Sending Documents to Solr
Solr provides a Linux script called bin/post to post data. It’s a wrapped Java function, which means you need Java on your system in order to use it. Want to index the entire Project Gutenberg – you can do it, but there are some extra steps – most notably installing Solr and Java on your client machine..
For my first test, I wanted to index some data I already had. I have a Dungeons and Dragons Spell List with all the statistics of the individual spells. This is in a single CSV file. To do this, I can do the following:
curl 'http://localhost:8983/solr/collection1/update?commit=true' --data-binary @Data/spells.csv -H 'Content-type:application/csv'
You will get something like this back:
<?xml version="1.0" encoding="UTF-8"?>
<lst name="responseHeader"><int name="status">0</int><int name="QTime">902</int></lst>
According to the manual, that means success (since the status is 0). Non-zero status means a failure of some description.
Now, let’s take a look at the data. We can do that by using the web-UI at http://localhost:8983/solr/collection1/browse – it’s fairly basic and can search for all sorts of things. I can not only search for things like “Fire” (and my favorite Fireball spell), but also for things like “Druid=Yes” to find all the Druid spells.
My keen interest is in using this programatically, however. I don’t want my users to even be aware of the search capabilities of the Solr system. I’d prefer them not to know what I was running. After all, do you think “that’s a nice Solr implementation” when browsing your favorite web shop?
If I want to look for the Fireball spell, I do the following:
The syntax and options for a query is extensive. You can read all about it on their wiki. The response is an XML document. If I want it in another format, I use the wt parameter:
It’s a good practice to use quotes around your URL so that you don’t end up with the shell preempting your meaning with special characters (like the ampersand, which puts a process in the background).
What else can Solr do?
Turns out – lots of things. Here are a bunch of my favorite things:
- Faceting – when you search for something and you get a table that says “keywords (12)” – that’s faceting. It groups things together to allow for better drill-down navigation.
- Geo-spatial – location-based search (find something “near here”)
- Query Suggestions – that drop-down from google that suggests searches? Yep – you can do that too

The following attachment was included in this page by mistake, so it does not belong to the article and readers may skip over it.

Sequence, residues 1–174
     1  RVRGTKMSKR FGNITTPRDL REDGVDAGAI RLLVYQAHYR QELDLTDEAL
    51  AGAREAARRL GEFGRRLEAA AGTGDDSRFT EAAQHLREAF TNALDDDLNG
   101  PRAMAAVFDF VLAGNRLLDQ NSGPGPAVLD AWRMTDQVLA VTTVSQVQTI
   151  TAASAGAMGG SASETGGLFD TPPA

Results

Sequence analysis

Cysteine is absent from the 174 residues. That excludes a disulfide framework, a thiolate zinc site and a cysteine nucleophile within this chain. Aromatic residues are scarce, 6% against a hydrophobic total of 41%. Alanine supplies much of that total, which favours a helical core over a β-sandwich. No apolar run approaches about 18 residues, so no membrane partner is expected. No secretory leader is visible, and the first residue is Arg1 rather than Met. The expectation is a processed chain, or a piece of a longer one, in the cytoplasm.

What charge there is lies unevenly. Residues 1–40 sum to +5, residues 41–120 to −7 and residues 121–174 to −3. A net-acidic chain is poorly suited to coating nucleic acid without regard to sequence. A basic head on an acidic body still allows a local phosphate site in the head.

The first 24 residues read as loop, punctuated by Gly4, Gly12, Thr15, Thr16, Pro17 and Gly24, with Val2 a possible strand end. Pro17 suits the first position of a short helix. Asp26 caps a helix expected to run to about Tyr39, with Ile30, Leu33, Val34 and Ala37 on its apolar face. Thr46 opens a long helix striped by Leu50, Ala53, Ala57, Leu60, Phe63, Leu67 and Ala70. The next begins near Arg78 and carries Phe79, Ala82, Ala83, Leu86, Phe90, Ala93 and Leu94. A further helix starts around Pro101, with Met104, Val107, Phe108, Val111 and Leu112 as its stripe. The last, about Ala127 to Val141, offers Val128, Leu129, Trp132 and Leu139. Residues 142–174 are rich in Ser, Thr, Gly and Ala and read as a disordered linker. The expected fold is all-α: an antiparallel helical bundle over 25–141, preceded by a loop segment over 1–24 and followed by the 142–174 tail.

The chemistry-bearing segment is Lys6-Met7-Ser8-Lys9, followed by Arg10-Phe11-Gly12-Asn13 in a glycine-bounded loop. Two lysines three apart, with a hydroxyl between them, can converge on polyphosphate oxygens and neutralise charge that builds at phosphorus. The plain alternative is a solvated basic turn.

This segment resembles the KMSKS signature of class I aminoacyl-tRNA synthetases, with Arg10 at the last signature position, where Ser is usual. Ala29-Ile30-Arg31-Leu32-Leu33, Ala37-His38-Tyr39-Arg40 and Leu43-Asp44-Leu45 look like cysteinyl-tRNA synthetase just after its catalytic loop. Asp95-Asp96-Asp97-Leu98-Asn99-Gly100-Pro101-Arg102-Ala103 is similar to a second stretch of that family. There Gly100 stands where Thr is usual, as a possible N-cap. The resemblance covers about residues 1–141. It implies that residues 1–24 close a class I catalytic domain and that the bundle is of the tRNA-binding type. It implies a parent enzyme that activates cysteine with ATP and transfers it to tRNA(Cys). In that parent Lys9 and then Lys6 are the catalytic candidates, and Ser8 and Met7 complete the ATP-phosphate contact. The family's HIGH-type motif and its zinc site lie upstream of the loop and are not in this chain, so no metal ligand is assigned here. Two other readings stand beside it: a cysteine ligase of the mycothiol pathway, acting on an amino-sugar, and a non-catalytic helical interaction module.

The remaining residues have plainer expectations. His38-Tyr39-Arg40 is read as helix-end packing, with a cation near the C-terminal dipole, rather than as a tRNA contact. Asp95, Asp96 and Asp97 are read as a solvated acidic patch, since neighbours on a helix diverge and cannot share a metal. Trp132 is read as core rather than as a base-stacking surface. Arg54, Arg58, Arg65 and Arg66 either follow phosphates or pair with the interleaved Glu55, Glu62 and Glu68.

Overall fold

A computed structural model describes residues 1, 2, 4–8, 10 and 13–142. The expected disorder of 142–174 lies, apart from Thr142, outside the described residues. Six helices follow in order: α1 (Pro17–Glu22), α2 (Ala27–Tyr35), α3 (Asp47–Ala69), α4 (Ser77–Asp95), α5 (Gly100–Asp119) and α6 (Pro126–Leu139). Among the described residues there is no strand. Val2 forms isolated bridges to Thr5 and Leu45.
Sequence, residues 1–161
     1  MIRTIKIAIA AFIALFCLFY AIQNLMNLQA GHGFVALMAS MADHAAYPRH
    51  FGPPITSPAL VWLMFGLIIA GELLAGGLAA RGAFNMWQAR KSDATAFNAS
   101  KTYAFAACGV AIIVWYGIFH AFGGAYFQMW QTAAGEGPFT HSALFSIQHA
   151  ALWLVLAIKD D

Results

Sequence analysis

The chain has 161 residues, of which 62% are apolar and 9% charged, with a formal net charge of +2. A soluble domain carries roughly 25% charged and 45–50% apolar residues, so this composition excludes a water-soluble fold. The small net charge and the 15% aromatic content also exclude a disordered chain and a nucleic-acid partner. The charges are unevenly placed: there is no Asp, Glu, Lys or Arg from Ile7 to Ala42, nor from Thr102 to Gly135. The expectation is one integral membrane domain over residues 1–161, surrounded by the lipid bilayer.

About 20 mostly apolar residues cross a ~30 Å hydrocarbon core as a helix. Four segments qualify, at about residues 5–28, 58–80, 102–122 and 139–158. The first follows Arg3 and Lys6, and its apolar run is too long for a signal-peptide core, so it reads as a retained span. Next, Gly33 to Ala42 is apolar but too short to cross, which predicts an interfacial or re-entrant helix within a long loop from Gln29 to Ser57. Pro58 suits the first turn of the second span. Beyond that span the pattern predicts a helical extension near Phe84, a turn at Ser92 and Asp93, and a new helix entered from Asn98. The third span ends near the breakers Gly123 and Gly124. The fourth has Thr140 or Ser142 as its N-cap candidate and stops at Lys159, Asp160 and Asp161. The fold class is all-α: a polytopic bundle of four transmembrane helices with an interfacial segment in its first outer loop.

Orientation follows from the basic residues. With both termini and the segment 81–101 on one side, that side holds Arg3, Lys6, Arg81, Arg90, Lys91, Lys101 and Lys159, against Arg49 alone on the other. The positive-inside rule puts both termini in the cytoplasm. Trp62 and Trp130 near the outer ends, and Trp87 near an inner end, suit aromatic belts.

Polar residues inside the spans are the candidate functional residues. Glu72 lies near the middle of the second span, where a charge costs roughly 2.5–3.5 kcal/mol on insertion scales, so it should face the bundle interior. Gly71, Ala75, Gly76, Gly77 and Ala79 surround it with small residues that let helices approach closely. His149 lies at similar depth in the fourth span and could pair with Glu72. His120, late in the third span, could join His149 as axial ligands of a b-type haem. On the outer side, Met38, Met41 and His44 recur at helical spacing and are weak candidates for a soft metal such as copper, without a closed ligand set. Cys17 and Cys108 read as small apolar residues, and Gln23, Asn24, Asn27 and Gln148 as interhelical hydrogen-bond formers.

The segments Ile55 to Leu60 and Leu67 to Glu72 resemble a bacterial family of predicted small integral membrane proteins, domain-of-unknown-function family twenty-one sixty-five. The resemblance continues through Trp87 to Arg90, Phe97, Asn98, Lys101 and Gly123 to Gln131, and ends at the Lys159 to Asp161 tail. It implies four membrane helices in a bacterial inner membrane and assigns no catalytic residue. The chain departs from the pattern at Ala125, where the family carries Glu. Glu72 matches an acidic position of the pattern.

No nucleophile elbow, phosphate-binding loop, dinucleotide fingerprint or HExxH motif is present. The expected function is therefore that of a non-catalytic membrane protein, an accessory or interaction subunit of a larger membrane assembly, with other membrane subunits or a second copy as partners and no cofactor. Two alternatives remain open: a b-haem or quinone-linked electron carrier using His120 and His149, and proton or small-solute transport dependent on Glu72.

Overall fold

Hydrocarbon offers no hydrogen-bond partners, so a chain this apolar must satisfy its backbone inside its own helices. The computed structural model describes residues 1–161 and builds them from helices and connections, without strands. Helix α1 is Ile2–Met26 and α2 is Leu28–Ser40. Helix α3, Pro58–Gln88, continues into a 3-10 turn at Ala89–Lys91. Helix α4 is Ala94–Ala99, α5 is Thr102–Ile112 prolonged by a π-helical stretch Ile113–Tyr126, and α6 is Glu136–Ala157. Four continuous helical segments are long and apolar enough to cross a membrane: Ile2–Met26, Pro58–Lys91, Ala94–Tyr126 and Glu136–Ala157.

- Clustering – automatically discover groups of related search hits
There is a lot missing from a base Apache Solr deployment. I’ll try to put some of the more important ones down here, but there is a solution – check out LucidWorks. LucidWorks was founded by the guys who wrote Solr and it adds a lot of the enterprise features that you will want in their Fusion product.
- Authentication – talking of enterprise features, top of the list is authentication. That’s right – Solr has no authentication – not even an encrypted channel. That means anyone (out of the box) can just submit a document to your Solr instance if they have a route to the port that it’s running on. It relies on the web container (Jetty, Tomcat or JBoss for example) to do the authentication. This isn’t really a big problem as authentication is pretty well documented. Incidentally, the Docker image uses Jetty for the web container.
- Getting Data In – I was going to call this crawling. However, it is more than that. If you have a fairly static set of data, then maybe the API’s and command line tools are good enough. What if you want to index the data in your SharePoint application? How about all the emails flowing through your Exchange server? You will need to write (quite complex) code for this purpose.
- Monitoring – if you are running a large Solr deployment, then you will want to monitor those instances. Solr exposes this stuff via JMX – not exactly the friendliest approach.
- Orchestration – this is only important if you have gone into production with a nice resilient cluster. How do you bring up additional nodes when the load gets high and how do you run multi-node systems? The answer is zookeeper and it’s not pretty to set up and has several issues of its own.
What’s Solr not good at
Solr isn’t good at time-series data. Ok – it’s not that hard, but it’s still not the best thing for the job. Similarly, if you are doing per-row or per-field updates to records, then perhaps you should be using a relational database instead.
If you are indexing documents, however, then this is the tool to use. It’s easy to set up and get started. It has a REST interface for programmatic access and it likely does all the search and analytics related stuff you want.
Go ahead, explore!